Learning from the Department of Germanic Studies
Involving all faculty in the assessment conversation can result in pedagogical and curricular innovations and improvements. A recent retreat on curriculum development and assessment in the Department of Germanic Studies resulted in lively conversations around articulating strong and true goals for student learning in the department. The faculty as a group tackled the questions— what should students be able to do or demonstrate when they graduate? What skill sets do we want them to have? And how do we know whether they have learned what we wanted them to learn?
This day-long retreat stimulated conversations about assessment practices and future steps needed for program advancement. The Department Chair, Dr. Peter Hess, initiated and led the retreat and shared with faculty his own learning and understanding around the need for assessment, curriculum development, and curriculum mapping. Faculty began the process of developing strong outcomes, and Dr. Per Urlaub, Associate Professor, and assessment director for the department, led faculty through an exercise where they developed strong “Can do” statements for their outcomes using Bloom’s Taxonomy. They also learned about developing effective methods with rubrics that could be used across different assignments and different formats, all created by different faculty. Such methods are possible because rubrics allow faculty to be able to discern the quality and scope of student learning across different instructors while not impinging on faculty members’ academic freedom to develop the assignments they want to. The importance, validity, and usefulness of qualitative data in assessment was also discussed and appreciated. After understanding the usefulness of developing strong methods, faculty worked together to explore and develop some sample methods that could elicit an understanding of what material needs to be reinforced or taught differently from a program perspective, so that the program might have a greater impact on its students.
Dr. Divya Bheda, Director for Institutional Assessment, was excited to see faculty so engaged and interested in learning how assessment could contribute in significant ways to curricular and pedagogical innovation. “There were a few faculty who had this ‘Aha” moment during the retreat and began talking about how they could apply for grants to fund the ideas they were developing around novel pedagogical and assessment tools to promote student learning. People began to see the how assessment is aligned with, and how it can inform curriculum and pedagogy. They started sharing and exchanging ideas about the various pedagogical strategies they used in their own classrooms. It makes my day when folks begin to see program assessment as integral to curriculum development and pedagogical innovation. It was great!”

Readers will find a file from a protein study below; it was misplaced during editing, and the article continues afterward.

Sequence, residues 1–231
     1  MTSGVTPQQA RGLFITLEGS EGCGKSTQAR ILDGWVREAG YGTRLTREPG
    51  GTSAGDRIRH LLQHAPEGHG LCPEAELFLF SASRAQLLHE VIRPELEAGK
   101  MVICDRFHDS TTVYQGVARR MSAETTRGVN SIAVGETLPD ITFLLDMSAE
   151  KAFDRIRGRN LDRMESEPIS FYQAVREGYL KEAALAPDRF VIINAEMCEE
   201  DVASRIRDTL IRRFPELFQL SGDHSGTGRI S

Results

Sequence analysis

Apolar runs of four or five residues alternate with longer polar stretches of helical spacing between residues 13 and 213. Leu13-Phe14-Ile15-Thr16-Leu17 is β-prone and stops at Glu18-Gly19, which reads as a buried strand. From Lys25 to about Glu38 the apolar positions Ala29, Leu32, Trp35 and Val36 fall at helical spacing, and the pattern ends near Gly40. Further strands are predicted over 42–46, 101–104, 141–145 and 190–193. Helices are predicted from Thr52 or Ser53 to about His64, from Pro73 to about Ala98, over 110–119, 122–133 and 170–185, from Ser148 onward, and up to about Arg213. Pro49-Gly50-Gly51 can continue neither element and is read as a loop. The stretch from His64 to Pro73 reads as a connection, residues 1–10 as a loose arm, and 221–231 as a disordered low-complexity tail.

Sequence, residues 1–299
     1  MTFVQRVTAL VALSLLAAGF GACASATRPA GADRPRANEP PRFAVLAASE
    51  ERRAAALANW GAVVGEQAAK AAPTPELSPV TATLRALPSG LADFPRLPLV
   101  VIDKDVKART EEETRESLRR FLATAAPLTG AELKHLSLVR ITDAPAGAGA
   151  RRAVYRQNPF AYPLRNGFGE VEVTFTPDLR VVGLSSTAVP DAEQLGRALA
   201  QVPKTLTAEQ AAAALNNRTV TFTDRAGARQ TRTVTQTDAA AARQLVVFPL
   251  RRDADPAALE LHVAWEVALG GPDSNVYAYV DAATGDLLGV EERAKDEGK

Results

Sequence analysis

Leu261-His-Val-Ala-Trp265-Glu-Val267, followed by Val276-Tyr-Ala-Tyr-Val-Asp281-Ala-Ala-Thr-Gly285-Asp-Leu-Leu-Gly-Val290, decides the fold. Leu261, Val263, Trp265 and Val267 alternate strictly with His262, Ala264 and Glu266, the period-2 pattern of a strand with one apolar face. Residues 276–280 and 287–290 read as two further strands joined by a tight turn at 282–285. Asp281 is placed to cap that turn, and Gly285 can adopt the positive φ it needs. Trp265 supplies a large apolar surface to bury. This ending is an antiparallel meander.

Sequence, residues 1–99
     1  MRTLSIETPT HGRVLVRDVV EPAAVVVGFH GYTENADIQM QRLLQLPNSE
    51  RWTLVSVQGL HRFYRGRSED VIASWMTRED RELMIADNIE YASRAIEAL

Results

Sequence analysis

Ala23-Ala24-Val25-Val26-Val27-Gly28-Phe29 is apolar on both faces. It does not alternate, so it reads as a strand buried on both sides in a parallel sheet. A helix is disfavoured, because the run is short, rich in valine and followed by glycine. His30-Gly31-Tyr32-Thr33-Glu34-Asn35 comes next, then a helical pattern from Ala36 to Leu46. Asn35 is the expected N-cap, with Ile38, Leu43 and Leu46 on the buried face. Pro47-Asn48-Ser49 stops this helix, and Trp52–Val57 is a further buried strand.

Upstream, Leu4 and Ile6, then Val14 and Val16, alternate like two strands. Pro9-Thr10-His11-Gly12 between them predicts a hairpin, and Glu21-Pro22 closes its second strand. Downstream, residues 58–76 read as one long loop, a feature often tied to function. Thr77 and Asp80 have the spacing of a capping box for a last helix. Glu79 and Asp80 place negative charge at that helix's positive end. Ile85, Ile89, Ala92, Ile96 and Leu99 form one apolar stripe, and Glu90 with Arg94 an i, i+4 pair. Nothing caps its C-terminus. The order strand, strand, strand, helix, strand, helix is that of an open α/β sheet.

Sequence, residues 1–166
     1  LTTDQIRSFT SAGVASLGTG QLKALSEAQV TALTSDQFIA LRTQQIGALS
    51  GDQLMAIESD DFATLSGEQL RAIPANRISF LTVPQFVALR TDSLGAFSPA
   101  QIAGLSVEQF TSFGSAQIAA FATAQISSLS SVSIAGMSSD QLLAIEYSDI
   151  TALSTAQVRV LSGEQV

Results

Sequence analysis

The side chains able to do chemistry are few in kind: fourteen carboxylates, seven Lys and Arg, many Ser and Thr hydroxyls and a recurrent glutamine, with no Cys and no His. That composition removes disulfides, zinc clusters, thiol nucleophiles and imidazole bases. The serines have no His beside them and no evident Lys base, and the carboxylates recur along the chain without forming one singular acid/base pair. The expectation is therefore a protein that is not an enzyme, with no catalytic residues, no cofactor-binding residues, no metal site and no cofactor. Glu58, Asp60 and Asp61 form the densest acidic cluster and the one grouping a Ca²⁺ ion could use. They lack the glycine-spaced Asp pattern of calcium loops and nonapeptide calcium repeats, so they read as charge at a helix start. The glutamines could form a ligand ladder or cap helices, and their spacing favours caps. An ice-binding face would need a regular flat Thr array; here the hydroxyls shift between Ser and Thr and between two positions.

Dr. Janet Swaffer, Professor Emeritus, believes that the retreat set the wheels in motion for program faculty to begin working on curricular improvements. An example being the promotion of a smoother transition between courses in the major so that student learning could be scaffolded for their skill sets to be systematically developed as they advanced through the program. The retreat also exposed a desire for more focus on cultural literacy throughout the sequence and progression of courses in the program. Faculty realized that this focus on cultural understanding needed to be just as strong and well-articulated as the focus on language learning outcomes. Dr. Katie Arens, Professor, noted that teaching literacy as a combination of both language and cultural competency gives students better preparation for careers in the field. Faculty explored designing assignments that resulted in career preparation. They discussed high impact teaching and learning practices and how to integrate those in the preparation of the student for a successful career after graduation.
Recognizing the needs of students as they graduate from the program has provided valuable momentum for continued improvement. The retreat had an open culture of talking about areas of development—be it at the individual faculty level or at the program level. Ideas were shared for faculty to learn from each other. The conversation was about teaching and education, about creating and sustaining a culture in the department that promotes faculty being better educators, and about learning with and from each other. Faculty were inspired to search for possible curriculum development grants to be used for departmental growth. A greater interest in pedagogical innovation began to form as ideas were shared and creativity sprouted. The retreat ended with participating faculty requesting regular future meetings to create sustained conversations and spaces for curricular, pedagogical, and assessment knowledge-sharing and learning.